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Adding plyometrics to your training regimen will build muscle, which equates to more speed and power.
If you’re one of those athletes who doesn’t react well to high running mileage, researchers in Japan have a possible solution. In their study, published in the Journal of Strength and Conditioning, they explored the effects of plyometric training on running performance. First, participants ran a 5K time trial to get a baseline time. They then split them into two groups, giving each a different training plan.
One group did run training only, two to three times each week. The other group ran, but also did body weight plyometrics. After eight weeks, both groups significantly improved their 5K times. The kicker: The plyometric group ran 25 percent less mileage than the run-only group to get the same results — while also improving their reactive leg strength and jumping power.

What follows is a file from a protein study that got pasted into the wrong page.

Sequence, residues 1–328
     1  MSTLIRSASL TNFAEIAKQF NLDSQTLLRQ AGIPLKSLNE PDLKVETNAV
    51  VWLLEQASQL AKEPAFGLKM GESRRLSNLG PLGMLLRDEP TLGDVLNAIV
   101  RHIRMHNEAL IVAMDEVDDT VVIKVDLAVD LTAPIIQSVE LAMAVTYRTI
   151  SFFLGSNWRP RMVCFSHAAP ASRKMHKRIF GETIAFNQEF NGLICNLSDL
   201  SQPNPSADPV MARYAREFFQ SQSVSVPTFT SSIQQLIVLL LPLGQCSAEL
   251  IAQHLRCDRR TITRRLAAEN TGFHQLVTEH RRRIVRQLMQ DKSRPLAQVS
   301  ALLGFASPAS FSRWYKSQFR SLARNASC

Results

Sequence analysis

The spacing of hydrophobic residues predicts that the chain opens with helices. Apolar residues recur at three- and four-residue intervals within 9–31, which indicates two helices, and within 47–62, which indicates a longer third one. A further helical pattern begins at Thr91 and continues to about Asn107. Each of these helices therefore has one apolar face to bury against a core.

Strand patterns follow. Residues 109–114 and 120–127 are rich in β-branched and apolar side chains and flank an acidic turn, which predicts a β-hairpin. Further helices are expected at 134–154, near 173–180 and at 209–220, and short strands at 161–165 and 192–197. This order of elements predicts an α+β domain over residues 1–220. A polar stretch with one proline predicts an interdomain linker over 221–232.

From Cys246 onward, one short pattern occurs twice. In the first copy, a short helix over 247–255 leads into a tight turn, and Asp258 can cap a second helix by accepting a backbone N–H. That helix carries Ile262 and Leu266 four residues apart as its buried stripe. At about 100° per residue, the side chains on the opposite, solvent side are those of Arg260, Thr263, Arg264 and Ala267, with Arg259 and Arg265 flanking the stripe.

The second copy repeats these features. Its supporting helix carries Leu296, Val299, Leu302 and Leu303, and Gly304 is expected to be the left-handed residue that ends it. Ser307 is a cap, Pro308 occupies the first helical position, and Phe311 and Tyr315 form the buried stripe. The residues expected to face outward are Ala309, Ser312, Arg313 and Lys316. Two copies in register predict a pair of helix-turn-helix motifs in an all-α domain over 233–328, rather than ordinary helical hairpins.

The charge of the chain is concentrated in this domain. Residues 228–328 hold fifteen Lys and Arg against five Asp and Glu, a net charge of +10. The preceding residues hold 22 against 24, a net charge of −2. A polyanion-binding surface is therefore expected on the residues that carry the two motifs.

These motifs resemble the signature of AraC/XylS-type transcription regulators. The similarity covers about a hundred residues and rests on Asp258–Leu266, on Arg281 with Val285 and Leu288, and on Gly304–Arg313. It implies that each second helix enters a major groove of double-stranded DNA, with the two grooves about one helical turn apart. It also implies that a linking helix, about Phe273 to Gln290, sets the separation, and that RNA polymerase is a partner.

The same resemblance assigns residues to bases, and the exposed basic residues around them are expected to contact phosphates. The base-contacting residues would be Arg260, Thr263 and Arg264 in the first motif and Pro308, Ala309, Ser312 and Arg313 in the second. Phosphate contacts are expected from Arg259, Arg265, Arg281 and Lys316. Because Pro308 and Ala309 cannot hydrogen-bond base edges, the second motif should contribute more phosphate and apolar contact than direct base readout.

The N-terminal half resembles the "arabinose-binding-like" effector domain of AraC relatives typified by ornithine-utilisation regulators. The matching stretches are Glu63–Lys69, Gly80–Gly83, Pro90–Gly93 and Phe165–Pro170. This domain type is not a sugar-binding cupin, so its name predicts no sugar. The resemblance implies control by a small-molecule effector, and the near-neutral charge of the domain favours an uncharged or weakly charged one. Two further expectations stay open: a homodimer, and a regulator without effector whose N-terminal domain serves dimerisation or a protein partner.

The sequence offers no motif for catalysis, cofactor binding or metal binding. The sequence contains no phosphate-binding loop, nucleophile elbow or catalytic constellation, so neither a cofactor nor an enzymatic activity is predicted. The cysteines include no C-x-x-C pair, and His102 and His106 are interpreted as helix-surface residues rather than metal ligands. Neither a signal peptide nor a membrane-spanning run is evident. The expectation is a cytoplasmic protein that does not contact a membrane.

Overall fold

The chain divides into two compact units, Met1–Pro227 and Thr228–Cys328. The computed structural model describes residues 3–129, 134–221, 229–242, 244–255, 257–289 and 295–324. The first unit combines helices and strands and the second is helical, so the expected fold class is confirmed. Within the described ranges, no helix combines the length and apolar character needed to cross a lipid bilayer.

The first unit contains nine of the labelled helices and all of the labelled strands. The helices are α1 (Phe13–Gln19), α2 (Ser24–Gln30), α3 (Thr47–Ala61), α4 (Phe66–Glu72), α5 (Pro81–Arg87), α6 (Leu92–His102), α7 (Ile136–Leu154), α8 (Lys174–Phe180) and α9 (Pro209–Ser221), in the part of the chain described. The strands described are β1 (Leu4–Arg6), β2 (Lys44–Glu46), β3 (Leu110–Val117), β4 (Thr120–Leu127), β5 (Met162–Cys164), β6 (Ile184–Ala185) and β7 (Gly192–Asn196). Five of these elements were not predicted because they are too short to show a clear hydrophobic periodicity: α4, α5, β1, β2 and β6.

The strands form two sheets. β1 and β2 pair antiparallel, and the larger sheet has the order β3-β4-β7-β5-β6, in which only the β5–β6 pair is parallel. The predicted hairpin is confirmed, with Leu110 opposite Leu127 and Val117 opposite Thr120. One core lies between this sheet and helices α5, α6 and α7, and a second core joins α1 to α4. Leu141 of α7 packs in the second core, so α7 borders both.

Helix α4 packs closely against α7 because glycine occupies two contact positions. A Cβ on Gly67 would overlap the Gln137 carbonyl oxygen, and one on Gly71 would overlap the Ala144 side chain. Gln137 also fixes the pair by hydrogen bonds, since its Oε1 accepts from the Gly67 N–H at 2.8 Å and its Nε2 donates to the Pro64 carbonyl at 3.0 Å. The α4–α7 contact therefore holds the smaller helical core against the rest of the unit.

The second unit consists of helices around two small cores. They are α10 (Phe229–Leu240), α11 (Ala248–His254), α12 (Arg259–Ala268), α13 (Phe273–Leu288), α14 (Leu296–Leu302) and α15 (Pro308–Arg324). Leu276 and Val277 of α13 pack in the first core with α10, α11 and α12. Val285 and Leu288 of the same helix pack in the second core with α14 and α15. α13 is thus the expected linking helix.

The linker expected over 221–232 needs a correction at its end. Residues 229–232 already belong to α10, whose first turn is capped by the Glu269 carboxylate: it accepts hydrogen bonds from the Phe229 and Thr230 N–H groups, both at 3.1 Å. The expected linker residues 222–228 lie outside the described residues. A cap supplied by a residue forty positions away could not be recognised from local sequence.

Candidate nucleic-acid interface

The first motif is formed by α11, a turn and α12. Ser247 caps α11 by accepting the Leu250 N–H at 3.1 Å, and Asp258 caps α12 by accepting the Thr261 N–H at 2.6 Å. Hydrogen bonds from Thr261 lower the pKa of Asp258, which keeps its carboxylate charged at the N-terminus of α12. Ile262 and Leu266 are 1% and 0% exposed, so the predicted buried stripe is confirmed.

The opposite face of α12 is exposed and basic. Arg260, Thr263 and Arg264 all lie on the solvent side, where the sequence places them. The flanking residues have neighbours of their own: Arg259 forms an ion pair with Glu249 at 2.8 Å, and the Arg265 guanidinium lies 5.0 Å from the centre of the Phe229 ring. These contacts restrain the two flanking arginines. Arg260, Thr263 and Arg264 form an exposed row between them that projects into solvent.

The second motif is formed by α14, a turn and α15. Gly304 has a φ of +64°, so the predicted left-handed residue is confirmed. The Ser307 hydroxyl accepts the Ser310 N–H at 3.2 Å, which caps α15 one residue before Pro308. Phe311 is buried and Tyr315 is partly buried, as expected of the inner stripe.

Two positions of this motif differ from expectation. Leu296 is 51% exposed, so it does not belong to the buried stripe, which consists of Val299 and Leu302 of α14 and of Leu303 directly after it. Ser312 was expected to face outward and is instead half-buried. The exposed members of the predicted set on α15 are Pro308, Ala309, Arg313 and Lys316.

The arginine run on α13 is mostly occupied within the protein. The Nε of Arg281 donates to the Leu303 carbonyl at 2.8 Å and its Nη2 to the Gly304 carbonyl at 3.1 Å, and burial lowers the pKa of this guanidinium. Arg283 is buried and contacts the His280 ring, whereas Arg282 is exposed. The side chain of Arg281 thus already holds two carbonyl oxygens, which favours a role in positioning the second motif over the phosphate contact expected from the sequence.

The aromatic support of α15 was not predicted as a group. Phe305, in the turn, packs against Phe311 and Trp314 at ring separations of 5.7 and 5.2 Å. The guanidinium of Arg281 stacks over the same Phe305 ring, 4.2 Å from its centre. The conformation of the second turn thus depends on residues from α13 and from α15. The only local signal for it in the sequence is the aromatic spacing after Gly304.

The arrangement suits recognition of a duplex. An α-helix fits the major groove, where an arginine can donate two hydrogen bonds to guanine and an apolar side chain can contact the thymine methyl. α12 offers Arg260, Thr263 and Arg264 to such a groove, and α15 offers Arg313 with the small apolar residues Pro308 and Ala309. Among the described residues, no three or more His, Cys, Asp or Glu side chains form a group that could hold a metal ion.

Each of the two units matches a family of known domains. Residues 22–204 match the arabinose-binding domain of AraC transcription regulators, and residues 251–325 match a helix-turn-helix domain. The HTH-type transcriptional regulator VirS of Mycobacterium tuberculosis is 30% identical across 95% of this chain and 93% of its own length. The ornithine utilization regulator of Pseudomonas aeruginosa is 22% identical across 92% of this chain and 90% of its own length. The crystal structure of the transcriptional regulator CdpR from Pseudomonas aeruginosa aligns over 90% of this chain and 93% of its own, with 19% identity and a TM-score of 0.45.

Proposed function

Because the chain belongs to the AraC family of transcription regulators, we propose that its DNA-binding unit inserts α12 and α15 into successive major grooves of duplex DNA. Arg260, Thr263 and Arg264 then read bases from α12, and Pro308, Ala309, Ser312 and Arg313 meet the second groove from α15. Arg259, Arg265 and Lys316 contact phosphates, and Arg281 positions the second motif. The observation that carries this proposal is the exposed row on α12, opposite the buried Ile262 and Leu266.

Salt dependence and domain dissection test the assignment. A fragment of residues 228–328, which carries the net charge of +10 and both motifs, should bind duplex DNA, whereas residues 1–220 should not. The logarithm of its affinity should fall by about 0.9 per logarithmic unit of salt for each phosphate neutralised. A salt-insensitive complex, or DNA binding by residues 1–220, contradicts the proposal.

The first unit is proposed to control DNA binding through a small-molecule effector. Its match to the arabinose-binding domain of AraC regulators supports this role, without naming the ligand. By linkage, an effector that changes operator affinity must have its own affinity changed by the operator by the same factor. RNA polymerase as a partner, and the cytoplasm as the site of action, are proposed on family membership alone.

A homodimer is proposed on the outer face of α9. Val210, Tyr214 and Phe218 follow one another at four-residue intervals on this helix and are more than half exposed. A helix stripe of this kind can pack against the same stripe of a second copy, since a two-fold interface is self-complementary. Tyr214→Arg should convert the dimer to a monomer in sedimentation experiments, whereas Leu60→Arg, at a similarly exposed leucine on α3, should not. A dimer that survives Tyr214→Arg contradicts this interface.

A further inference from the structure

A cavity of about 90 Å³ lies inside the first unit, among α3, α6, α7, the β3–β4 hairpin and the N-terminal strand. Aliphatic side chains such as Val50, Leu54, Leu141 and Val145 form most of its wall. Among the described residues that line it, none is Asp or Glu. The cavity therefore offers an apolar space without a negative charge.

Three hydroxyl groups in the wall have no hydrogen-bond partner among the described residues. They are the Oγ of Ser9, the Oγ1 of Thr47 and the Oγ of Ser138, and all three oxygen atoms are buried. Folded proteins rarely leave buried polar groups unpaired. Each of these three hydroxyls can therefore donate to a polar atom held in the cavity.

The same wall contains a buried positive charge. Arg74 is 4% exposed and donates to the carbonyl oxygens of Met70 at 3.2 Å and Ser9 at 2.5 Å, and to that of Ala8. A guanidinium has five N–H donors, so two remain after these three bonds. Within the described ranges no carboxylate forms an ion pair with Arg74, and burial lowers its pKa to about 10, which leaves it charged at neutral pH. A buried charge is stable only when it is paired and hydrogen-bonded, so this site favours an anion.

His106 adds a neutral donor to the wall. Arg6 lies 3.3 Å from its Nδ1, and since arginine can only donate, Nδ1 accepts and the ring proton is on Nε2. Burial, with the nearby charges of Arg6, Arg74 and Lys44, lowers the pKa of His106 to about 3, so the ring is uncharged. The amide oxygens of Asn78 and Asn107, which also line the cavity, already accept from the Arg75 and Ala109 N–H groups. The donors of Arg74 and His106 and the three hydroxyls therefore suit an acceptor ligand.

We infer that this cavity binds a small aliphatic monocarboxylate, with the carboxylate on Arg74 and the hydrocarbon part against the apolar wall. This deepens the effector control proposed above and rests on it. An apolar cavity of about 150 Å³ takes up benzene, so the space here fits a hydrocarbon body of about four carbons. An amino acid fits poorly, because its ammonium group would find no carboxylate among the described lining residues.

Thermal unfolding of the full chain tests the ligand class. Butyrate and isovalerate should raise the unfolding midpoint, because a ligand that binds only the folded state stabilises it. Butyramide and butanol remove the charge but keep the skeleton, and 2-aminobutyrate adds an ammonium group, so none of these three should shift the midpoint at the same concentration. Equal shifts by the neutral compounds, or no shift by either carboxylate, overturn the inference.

These results are likely related to the muscle recruitment patterns activated via plyometric training. Since you utilize mostly slow-twitch fibers in distance running, plyometrics teach your body to also rely upon fast-twitch fibers. When you maximize muscle recruitment, you’re able to turn your legs over faster and push off harder. This means increased economy and faster times.
If your body can’t handle all the pounding (or you just don’t love running), working in plyos twice a week could conceivably cut your mileage by a quarter. After warming up, give these exercises a shot and you may just find that when you drop mileage, you also drop time.